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How An Overheard Conversation Can Improve Your Plot

By Marilyn Horowitz

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I was writing a new story about two characters regaining their faith in love, but was a stuck about how to move the plot forward to where their differing religious upbringings cause them to question their assumptions about what "having faith" means. After a few hours, I gave up and went to lunch.

Since it was Saint Patrick’s Day, I went with my assistant to the local Irish pub. My prayer to be unstuck was answered in the form of an overheard conversation at the next table, between a young couple, clearly infatuated with each other, who were drinking Guinness and sharing an order of fish and chips.

The movie star handsome young man had reddish hair, a green sweatshirt that read, "Cast me -- I'm Irish." The young woman was a pretty redhead, also dressed in green.

The young man took a swig of beer and said:

" I'm up for the part of the son in this new play. The father is from Dublin and was raised Catholic. He has a patron saint that he talks to when he gets in trouble."

The girl nodded and said,” Cool. And what is the purpose of having a patron saint?"

The young man was surprised. "Seriously?"

The young woman frowned, "Seriously. I don't know from saints."

The young man, now adopting a heavy Irish brogue explained: " It's like having a lawyer who can talk to God on your behalf."

The young woman took a bite of fish and said: "So the play is about a man asking his patron saint to intervene with God?"

The young man nodded and fed her a French fry. " I would be the second lead."

"And you're okay with that? Being the second lead?"

The young man laughed, "The way I was raised, you're always the second lead."

"Who's the first lead?"

"God is."

The young woman was silent for a long moment, and then picked up her beer glass, and said, " To the first lead, then."

They clinked and drank -- and I rejoiced! I had the key to the scene I'd been stuck on. Later, at my computer, I nailed the scene by loosely recreating the dialogue I'd overheard at lunch into the imaginary world of my story. This allowed me to advance the plot by having my main character overhear and respond to a similar conversation to the one on which I had eavesdropped.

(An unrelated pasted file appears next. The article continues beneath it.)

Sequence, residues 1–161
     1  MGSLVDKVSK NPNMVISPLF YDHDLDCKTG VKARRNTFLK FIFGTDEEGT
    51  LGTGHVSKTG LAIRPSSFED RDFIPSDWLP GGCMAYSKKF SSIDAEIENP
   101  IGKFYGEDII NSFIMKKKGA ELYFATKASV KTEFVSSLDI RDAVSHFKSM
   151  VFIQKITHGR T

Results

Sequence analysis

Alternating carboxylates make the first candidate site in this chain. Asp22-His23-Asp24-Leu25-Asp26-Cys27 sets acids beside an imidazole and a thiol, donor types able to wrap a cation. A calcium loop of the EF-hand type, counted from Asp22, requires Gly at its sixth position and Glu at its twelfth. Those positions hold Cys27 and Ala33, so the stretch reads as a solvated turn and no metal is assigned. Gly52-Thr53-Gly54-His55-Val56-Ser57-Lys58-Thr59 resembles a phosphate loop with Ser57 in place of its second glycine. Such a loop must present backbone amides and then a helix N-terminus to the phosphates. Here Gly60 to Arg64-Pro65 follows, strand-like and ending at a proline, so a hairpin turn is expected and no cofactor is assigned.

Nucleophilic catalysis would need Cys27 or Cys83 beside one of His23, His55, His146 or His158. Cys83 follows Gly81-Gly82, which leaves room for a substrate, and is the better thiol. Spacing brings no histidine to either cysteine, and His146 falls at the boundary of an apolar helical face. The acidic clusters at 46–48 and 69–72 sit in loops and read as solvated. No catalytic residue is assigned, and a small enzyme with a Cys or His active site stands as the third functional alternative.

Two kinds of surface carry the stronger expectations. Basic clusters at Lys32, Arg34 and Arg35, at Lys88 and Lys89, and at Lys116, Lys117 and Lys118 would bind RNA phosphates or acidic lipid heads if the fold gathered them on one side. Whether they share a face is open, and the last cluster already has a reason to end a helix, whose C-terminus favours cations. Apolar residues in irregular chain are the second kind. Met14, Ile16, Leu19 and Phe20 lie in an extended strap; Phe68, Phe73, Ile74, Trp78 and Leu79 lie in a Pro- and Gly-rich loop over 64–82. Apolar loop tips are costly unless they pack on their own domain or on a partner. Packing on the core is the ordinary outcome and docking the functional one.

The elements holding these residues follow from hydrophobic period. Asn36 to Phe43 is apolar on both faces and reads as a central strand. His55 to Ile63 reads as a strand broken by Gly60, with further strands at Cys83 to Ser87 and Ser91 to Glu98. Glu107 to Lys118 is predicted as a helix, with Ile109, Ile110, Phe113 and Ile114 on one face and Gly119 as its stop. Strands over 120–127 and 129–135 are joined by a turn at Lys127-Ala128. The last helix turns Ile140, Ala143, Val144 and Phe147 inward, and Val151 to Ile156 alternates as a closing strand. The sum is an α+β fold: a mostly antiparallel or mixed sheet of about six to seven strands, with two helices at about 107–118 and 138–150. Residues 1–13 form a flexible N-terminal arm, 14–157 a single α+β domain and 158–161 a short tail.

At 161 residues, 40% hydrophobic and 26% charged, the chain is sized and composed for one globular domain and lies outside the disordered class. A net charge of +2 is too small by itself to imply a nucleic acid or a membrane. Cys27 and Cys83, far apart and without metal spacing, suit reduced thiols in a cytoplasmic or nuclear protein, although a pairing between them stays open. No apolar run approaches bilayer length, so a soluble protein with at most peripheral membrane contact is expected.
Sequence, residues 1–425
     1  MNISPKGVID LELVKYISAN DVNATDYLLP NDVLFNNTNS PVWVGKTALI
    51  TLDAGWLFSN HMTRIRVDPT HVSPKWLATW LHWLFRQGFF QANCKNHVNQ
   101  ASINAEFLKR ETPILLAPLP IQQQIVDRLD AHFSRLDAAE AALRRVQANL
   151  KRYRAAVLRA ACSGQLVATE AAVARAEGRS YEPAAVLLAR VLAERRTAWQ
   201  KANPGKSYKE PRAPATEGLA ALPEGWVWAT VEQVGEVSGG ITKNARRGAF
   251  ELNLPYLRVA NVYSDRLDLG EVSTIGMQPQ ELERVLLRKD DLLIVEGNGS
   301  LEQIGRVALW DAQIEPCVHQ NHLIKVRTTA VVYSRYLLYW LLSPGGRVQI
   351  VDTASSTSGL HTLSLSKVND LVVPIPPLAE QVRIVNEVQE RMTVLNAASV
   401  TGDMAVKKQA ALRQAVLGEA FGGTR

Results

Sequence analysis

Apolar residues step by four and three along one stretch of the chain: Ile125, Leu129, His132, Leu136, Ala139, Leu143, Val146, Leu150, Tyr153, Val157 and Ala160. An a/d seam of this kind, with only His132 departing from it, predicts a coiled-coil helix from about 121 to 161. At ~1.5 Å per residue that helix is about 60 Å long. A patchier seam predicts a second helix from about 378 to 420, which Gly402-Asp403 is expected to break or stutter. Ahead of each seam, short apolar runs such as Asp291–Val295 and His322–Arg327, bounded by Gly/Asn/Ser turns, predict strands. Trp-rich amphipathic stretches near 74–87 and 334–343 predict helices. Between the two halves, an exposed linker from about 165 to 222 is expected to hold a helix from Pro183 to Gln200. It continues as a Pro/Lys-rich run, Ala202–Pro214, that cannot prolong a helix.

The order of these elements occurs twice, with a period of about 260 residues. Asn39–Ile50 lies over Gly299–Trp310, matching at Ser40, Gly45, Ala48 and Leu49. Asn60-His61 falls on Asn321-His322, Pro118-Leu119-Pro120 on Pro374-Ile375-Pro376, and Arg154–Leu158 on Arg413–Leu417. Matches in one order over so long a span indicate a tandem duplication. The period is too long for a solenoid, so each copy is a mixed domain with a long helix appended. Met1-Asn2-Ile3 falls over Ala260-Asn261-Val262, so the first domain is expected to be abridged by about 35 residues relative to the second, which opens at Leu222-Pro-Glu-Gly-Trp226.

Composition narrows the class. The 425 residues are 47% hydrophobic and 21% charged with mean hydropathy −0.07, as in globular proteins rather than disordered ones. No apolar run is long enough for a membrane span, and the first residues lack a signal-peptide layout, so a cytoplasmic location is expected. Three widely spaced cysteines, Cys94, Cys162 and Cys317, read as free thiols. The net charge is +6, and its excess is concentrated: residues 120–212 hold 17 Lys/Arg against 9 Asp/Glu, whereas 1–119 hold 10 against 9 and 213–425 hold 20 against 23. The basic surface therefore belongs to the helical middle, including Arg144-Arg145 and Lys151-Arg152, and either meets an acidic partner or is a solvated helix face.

One example of a film that uses this technique effectively is The Godfather. At the wedding in the beginning of the movie, Kay Adams attends a wedding with boyfriend Michael Corleone. As they eat, she overhears the family assassin, Luca Brasi, rehearsing aloud the speech he is planning to make to Don Corleone, Michael's father. She asks Michael who is the scary man talking to himself is. Michael then tells her the story of how his father strong-armed a producer by making him "an offer he couldn't refuse." Michael then comments that the values in his tale pertain to his family, but not to him. This scene not only has advanced the plot, but also set up the conflict of values between Kay and Michael that runs throughout the movie.

From this example, you can see how powerful this technique can be. Completing this exercise may also yield surprisingly profound and dramatically efficient results.

Here's The Overheard Conversation Exercise:

Set a timer for 15 minutes.

Think of something you overheard recently and use it as the basis for a new scene in your current project.

Write a scene between your characters, trying to use as much of the actual dialogue as you can remember.

Good luck and happy writing! Remember, Don't get it right, get it written.

About Marilyn Horowitz

Marilyn Horowitz is an award-winning New York University professor, author, producer, and Manhattan-based writing consultant, who works with successful novelists, produced screenwriters, and award-winning filmmakers. She has a passion for helping novices get started. Since 1998 she has taught thousands of aspiring screenwriters to complete a feature length screenplay using her method. She is also a judge for the Fulbright Scholarship Program for film and media students. In 2004 she received the coveted New York University Award for Teaching Excellence.

Professor Horowitz has created a revolutionary system that yields a new, more effective way of writing. She is the author of six books that help the writer learn her trademarked writing system, including editions for college, high school, and middle school. The college version is a required text at New York University and the University of California, Long Beach.

Professor Horowitz has written several feature-length screenplays. Her production credits include the feature films And Then Came Love (2007). Her new novel, The Book of Zev is available on Amazon.

Screenwriting Article by Marilyn Horowitz

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